Tyre shops in my electorate are flat out these days thanks to the state of our roads.
Bent and buckled wheel rims from blown out tyres, have become part of the daily stock in trade for these businesses. Businesses that normally only see this kind of damage from customers once or twice a month.
As a frequent traveller from southern Taranaki to the north Waikato, I can concur.
In the past few days Louis and I have already had a flat tyre and two windscreen stone chips.
The cost to commuters, travellers, business and transport operators through the Taranaki-King Country/Waipa region is now well into hundreds of thousands.
Our roads are literally falling to bits, and the recent wet winter weather while making them worse isn’t to blame. They’ve been bad for some years.
Potholes alone, without taking into account any other roading issues, have become a major safety issue.
In our predominantly rural area, where we must move about to get things done, figures on the wrong side of the financial ledger are also mounting due to productivity losses.
It’s difficult to drive at consistent speeds anywhere, as reduced speed zones have been created for sections where repairs are needed, or we sit in queues flanked by long corridors of cones at sites where roadworks are being done.
After speaking with my colleagues, the problems are nationwide and there is no light at the end of the tunnel.
Take Labour’s flawed Road to Zero strategy.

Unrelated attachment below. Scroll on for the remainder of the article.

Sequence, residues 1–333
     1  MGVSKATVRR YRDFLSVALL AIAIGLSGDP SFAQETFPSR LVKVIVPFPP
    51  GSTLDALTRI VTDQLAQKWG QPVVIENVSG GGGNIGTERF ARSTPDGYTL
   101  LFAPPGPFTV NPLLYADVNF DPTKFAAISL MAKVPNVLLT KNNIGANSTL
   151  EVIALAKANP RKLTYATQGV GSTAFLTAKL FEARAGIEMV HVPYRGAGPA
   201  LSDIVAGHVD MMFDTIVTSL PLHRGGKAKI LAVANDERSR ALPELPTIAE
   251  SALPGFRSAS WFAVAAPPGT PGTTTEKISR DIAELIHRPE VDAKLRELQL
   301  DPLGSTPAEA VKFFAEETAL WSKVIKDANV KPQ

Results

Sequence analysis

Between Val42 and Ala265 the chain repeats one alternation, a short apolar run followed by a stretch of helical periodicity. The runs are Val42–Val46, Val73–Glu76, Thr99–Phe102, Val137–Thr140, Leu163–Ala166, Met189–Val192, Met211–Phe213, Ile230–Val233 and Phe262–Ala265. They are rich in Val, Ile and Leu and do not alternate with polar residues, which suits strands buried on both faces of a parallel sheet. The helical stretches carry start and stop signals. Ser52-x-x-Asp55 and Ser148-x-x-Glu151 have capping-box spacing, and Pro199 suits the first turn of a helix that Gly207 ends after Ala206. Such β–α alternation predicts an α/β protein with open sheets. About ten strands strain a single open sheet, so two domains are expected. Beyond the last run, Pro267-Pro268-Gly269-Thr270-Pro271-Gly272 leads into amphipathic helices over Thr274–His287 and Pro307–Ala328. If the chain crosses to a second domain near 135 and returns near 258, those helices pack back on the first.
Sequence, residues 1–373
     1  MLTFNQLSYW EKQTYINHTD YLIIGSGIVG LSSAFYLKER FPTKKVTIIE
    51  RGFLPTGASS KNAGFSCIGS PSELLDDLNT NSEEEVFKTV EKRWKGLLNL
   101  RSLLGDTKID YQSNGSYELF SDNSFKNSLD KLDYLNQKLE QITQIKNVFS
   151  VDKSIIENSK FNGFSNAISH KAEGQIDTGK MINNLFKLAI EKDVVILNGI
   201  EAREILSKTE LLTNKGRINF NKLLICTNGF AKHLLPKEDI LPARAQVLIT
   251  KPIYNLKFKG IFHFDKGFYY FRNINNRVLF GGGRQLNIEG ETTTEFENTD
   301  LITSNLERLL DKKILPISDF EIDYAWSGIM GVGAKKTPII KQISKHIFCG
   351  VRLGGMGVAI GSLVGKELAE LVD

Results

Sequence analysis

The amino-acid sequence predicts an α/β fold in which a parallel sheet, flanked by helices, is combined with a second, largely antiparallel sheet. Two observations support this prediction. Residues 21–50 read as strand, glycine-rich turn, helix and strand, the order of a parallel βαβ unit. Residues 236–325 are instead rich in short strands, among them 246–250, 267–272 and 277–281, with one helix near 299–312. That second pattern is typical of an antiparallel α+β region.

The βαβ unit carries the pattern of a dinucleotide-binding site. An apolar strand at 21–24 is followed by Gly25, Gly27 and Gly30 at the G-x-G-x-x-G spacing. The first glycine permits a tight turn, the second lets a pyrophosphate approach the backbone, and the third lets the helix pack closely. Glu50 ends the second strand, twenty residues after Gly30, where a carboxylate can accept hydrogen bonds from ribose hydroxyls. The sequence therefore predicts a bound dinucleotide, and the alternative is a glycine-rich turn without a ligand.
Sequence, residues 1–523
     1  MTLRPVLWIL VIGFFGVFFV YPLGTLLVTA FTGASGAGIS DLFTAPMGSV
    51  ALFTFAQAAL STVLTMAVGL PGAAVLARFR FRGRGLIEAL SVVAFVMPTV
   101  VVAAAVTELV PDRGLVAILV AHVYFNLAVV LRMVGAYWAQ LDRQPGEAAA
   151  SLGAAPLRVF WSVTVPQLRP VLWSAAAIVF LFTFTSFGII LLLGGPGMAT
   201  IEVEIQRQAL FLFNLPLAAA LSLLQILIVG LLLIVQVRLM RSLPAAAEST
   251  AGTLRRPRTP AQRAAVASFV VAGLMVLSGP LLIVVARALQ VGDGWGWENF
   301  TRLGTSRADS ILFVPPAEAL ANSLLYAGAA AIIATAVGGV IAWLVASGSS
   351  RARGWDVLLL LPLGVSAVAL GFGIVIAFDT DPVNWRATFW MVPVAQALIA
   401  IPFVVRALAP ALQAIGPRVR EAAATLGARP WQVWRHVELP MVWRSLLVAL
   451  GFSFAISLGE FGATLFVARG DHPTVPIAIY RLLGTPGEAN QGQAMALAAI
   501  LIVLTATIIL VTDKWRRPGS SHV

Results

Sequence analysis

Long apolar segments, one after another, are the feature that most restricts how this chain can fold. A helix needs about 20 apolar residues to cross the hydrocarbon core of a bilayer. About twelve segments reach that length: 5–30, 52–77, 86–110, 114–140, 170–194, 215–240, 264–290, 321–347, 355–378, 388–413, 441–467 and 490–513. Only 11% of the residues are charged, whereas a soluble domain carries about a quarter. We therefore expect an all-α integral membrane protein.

Its July 30 monitoring report said it was failing to deliver promised road safety measures like median and side barriers, and that police were delivering half the required three million breath tests. Not a great report card given alcohol and drugs contribute to 47% of all deaths on our roads.
To date, the only thing it has delivered is an advertising campaign which will cost $14.7 million over three years and includes five large red ‘zeros’ costing almost $5000 each.
The zeros will be used as props for the campaign’s road shows.
But the most crucial thing about the strategy and report, is Labour’s failure to consider the quality of our nation’s roads and/or the maintenance taking place on them, among the ever increasing potholes.
Despite billions being spent, and an entire transport agency charged with keeping our roads up to scratch, New Zealand’s roading infrastructure, like much of what this Government is in charge of, has gone backwards.
And the decline has been rapid.
From 2009-2017, our National Roads of Significance programme was dedicated to improving our major state highways. The Waikato Expressway and Tauranga Eastern Link are examples of this.
Others, including a major expressway north of Auckland to Wellsford, which would have been up and running by now, were stopped dead in their tracks by Labour. Such a waste of time, resources and money.
Instead, the Government has squandered millions in transport blunders, during the past five years.
Classic examples include $51 million spent investigating a second Auckland Harbour crossing; $50+ million spent on the business case for Auckland’s Light Rail project, a project which will cost more than $15 billion to build, down to the $337,000 to celebrate Transmission Gully’s opening.
Such careless spending while regional and district councils across the country are desperately short of funds to fix essential access roads and transport links.
Until such time as the Government ever gets to work on righting our roads, we will remain in the immortal words of Talking Heads’ David Byrne … on the road to nowhere!
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